In addition, the body can recruit any of the muscles attached to the ribs as aides des camp to the diaphragm and lungs to influence the mechanics of breathing. The table below is a primer of muscles available to assist in inhalation and exhalation. Of the more than 20 primary and accessory muscles listed in Muscles: Testing and Function, almost all have a postural component. These muscles must be able to help support the skeletal structures of the ventilatory pump and to generate pressures that ensure continued adequate gas exchange of the alveoli.

Muscles of Respiration:

Inspiratory Muscles



Levator costarum

External intercostals

Internal intercostals





Serratus Anterior

Serratus Posterior Superior

Pectoralis major

Pectoralis minor

Latissimus Dorsi

Erector Spinae thoracic


Expiratory Muscles


Internal Obliques

External Obliques

Rectus abdominis

Transversus Abdominis


Latissimus Dorsi

Serratus posterior inferior

Quadratus Lumborum

Illiocostalis Lumborum

That said, the big guns of respiration, the diaphragm, intercostals, and abdominal muscles deserve their due. The following descriptions were adapted from Trail Guide to the Body, which has wonderful illustrations for body workers of any kind. I highly recommend using visual aids while reading the information below. Note: I’ve also added some exercises (EX!) to bring the words to life. The more you can image and experience the structures and processes going on inside of you, the more possible it is to increase the efficiency of those processes and to perceive them in others.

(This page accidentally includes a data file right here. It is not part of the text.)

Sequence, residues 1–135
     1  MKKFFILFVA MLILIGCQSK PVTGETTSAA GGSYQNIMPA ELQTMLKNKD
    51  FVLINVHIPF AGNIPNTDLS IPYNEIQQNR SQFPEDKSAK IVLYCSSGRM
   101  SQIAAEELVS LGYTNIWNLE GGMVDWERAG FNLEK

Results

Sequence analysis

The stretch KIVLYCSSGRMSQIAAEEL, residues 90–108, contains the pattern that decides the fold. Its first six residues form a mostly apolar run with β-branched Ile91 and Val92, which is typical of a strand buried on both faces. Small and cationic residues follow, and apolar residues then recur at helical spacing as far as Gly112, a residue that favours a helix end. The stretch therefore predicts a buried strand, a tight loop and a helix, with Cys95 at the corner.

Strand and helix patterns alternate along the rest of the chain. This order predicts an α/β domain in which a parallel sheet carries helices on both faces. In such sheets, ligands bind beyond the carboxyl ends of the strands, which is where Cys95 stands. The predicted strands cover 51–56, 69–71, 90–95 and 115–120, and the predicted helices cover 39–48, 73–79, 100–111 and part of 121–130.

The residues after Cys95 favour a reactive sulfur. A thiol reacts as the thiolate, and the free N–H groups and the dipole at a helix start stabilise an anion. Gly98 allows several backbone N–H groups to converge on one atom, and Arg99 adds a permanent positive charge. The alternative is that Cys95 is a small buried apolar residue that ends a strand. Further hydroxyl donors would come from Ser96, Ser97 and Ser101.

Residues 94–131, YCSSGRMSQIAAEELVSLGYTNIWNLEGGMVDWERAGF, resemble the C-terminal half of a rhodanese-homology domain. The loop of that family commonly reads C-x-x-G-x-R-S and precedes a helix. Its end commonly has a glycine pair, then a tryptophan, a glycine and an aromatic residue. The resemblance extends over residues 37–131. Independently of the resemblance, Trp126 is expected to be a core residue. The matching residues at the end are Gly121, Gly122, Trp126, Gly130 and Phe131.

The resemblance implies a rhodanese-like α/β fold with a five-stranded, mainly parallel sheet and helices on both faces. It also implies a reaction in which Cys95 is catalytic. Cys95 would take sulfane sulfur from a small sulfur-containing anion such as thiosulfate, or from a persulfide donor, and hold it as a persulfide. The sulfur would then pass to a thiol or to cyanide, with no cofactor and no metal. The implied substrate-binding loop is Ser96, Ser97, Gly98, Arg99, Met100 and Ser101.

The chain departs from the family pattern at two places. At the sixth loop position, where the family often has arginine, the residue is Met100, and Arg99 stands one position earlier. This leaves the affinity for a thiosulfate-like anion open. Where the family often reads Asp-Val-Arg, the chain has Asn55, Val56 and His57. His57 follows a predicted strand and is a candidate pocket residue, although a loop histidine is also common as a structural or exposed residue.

Domed sheet of combined muscle and tendon with vertical fibers separating the thorax from the abdomen. The diaphragm creates inhalation when its muscle fibers contract and pull the central tendon down. Because the central tendon is attached to the connective tissue that surrounds the lungs, a vacuum is created in the upper thoracic cavity pulling the air into the lungs. On exhalation, the muscle fibers of the diaphragm relax, releasing the central tendon and allowing the lungs to deflate.

Shaped like: An umbrella, jellyfish, dome, liver condom

Action: Draw down the central tendon of the diaphragm, Increase the volume of the thoracic cavity during inhalation

Origin: Costal attachment: Inner surface of lower six ribs, Lumbar attachment: Upper two or three lumbar vertebrae, Sternal attachment: inner part of the xiphoid process

Insertion: Central tendon


· Motor supply: phrenic nerves (C3-C5)

· Sensory supply: centrally by phrenic nerves (C3-5), peripherally by intercostals nerves (T5-T11), and subcostal nerves (T12)

EX! Feeling the costal cartilage:

Palpate the inner border inside the front of the ribs. Let your exhalations relax the tissue so that you can get your fingers up and under the costal cartilage. For some, this might induce nausea, so be gentle! See if you can sense the vertical direction of the diaphragm fibers. After feeling your way around the front portion of your diaphragm, observe the quality of your breath for any change.